Conservative priests were more likely to believe that Jesus was the sole way to salvation at 82% but only 19% of more progressive priests supported this view, according to the study. The average age of new priests that joined the clergy since 1992 is around 37, as opposed to the 1970s when new priests were on average 27.

The U.S. Conference of Catholic Bishops and the Austin Institute did not respond to the Daily Caller News Foundation’s request for comment.

Complete Article HERE!

Uh, Can the NYT Please Not Treat Catholic Reactionaries as a Fun Sexy Trend Story?

By Molly Olmstead

On Tuesday, the New York Times published an opinion piece that declared “New York’s hottest club is the Catholic Church.”

The piece was written by an editor at the stuffy conservative Christian journal First Things, which, under the recent leadership of the Catholic theologian R.R. Reno, has swung toward the reactionary right. The author of the piece, Julia Yost, argued that young, cool intellectuals—bored by the corny politics of their liberal peers—have found transgressive delight in embracing the rituals of traditional Catholicism, along with at least some of its moral stances on sex and gender.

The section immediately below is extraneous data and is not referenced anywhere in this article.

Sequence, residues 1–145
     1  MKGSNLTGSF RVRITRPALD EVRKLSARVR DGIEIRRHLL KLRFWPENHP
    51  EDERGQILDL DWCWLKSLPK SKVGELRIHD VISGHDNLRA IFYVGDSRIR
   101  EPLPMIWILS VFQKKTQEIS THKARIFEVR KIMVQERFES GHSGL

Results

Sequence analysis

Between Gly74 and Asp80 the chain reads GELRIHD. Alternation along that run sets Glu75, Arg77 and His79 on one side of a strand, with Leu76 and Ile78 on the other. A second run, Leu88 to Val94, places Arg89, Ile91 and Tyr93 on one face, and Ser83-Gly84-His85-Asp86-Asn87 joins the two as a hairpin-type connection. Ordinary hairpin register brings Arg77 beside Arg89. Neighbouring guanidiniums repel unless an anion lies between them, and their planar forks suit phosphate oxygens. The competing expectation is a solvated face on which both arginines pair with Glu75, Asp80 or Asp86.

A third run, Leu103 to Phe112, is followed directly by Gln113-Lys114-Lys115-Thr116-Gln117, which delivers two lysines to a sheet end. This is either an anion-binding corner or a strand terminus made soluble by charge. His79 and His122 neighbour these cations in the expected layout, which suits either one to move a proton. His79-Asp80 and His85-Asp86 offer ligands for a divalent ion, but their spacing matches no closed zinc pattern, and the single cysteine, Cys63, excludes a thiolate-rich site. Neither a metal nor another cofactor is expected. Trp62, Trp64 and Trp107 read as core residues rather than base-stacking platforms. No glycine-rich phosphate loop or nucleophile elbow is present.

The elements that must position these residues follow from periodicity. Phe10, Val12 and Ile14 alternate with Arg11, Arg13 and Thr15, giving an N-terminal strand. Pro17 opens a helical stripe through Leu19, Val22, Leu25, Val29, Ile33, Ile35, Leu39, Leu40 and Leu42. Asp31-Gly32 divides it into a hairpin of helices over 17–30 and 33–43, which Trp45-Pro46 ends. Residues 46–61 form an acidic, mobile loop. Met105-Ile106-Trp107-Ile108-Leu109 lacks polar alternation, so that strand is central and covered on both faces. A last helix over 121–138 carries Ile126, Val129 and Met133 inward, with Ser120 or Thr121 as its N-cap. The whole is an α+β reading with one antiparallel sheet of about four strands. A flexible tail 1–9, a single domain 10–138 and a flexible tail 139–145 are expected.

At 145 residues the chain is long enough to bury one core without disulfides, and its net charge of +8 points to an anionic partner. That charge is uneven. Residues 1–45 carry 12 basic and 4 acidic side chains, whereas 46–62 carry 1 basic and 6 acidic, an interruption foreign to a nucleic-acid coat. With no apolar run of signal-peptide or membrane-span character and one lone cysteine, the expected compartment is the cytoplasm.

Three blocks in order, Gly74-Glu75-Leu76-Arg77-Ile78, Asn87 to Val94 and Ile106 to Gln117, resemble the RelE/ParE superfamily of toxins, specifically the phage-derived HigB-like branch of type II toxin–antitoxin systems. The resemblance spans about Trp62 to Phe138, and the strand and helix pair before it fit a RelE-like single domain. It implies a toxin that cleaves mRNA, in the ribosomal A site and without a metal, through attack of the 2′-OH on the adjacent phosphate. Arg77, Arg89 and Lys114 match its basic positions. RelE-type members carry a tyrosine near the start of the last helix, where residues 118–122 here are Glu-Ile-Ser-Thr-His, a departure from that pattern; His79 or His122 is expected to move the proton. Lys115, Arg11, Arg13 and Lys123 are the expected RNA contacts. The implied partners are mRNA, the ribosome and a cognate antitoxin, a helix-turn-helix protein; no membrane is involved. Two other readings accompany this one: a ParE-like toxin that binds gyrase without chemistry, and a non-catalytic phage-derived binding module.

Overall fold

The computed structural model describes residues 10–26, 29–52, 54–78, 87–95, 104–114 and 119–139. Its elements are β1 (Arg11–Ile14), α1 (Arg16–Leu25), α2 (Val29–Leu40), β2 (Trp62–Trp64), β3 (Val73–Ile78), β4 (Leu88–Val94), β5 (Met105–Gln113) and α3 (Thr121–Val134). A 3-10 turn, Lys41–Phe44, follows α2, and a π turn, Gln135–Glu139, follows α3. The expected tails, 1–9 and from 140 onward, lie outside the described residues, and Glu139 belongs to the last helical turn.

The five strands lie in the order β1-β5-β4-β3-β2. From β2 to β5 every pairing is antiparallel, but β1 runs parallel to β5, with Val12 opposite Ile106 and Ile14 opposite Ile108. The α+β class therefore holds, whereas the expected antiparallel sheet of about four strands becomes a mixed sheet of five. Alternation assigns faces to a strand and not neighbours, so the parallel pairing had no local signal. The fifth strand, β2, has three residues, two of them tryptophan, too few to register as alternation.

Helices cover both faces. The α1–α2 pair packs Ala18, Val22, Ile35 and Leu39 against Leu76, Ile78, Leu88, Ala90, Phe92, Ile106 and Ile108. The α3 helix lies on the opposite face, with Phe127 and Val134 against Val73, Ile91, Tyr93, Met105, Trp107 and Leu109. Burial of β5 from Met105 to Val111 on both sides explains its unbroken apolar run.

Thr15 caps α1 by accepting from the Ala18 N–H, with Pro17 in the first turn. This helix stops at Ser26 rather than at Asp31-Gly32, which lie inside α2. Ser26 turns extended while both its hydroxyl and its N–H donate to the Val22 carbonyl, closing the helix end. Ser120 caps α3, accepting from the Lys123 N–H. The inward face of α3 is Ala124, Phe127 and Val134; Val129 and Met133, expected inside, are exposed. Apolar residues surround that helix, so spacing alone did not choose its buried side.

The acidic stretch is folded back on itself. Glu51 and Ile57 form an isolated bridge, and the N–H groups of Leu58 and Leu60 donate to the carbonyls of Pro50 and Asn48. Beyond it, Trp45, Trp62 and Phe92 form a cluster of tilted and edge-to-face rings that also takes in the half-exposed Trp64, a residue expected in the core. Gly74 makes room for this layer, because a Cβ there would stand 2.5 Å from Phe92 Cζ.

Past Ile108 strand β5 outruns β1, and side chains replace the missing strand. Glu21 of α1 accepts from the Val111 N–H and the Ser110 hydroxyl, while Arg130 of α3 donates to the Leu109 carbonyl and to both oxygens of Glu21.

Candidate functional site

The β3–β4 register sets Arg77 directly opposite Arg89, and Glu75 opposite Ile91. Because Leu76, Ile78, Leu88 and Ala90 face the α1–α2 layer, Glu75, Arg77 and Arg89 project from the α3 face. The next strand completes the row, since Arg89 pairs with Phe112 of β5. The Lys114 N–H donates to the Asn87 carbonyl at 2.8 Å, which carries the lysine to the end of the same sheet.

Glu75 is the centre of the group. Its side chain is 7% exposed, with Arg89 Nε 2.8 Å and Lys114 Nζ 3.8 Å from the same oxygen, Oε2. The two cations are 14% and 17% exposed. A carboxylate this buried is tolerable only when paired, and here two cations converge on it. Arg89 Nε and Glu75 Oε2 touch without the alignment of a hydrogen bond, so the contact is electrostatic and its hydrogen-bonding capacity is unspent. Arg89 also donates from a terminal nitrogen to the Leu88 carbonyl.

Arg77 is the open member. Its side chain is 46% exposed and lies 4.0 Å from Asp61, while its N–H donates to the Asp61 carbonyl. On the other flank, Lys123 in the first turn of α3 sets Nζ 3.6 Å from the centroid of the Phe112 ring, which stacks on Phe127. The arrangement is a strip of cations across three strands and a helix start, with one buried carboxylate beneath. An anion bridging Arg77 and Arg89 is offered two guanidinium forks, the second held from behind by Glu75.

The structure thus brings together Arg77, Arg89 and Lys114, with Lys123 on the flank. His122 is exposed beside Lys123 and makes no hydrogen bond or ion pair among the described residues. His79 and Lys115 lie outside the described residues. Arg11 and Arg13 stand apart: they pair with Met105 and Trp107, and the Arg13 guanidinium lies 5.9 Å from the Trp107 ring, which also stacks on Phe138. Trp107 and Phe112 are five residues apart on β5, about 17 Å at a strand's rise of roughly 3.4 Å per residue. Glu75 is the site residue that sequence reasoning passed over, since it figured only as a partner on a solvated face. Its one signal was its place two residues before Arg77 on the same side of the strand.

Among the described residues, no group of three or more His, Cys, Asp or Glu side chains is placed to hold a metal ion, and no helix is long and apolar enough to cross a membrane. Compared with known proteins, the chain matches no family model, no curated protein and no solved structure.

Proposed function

These young edgy reactionaries, she wrote, are associated with the buzzy but mostly nominal downtown Manhattan “Dimes Square” scene. (The name refers to a restaurant in the area.) They have embraced “monarchist and anti-feminist sentiments,” she wrote, and they debate esoteric Catholic topics.

“This is not your grandmother’s church—and whether the new faithful are performing an act of theater or not, they have the chance to revitalize the church for young, educated Americans,” Yost declared.

The writer also didn’t mention that “trad Cath” social media, with all its semi-ironic memes about saints and sacraments, attracts those who like to post winkingly about the Crusades. Or that there is a growing group of traditionalist Catholics, yearning for an old version of the religion before the church took out violently anti-Semitic language from its liturgy, who sometimes tread dangerously close to white supremacy. (Traditionalist Catholics are often defined by their rejection of the teachings of the 1965 Second Vatican Council.)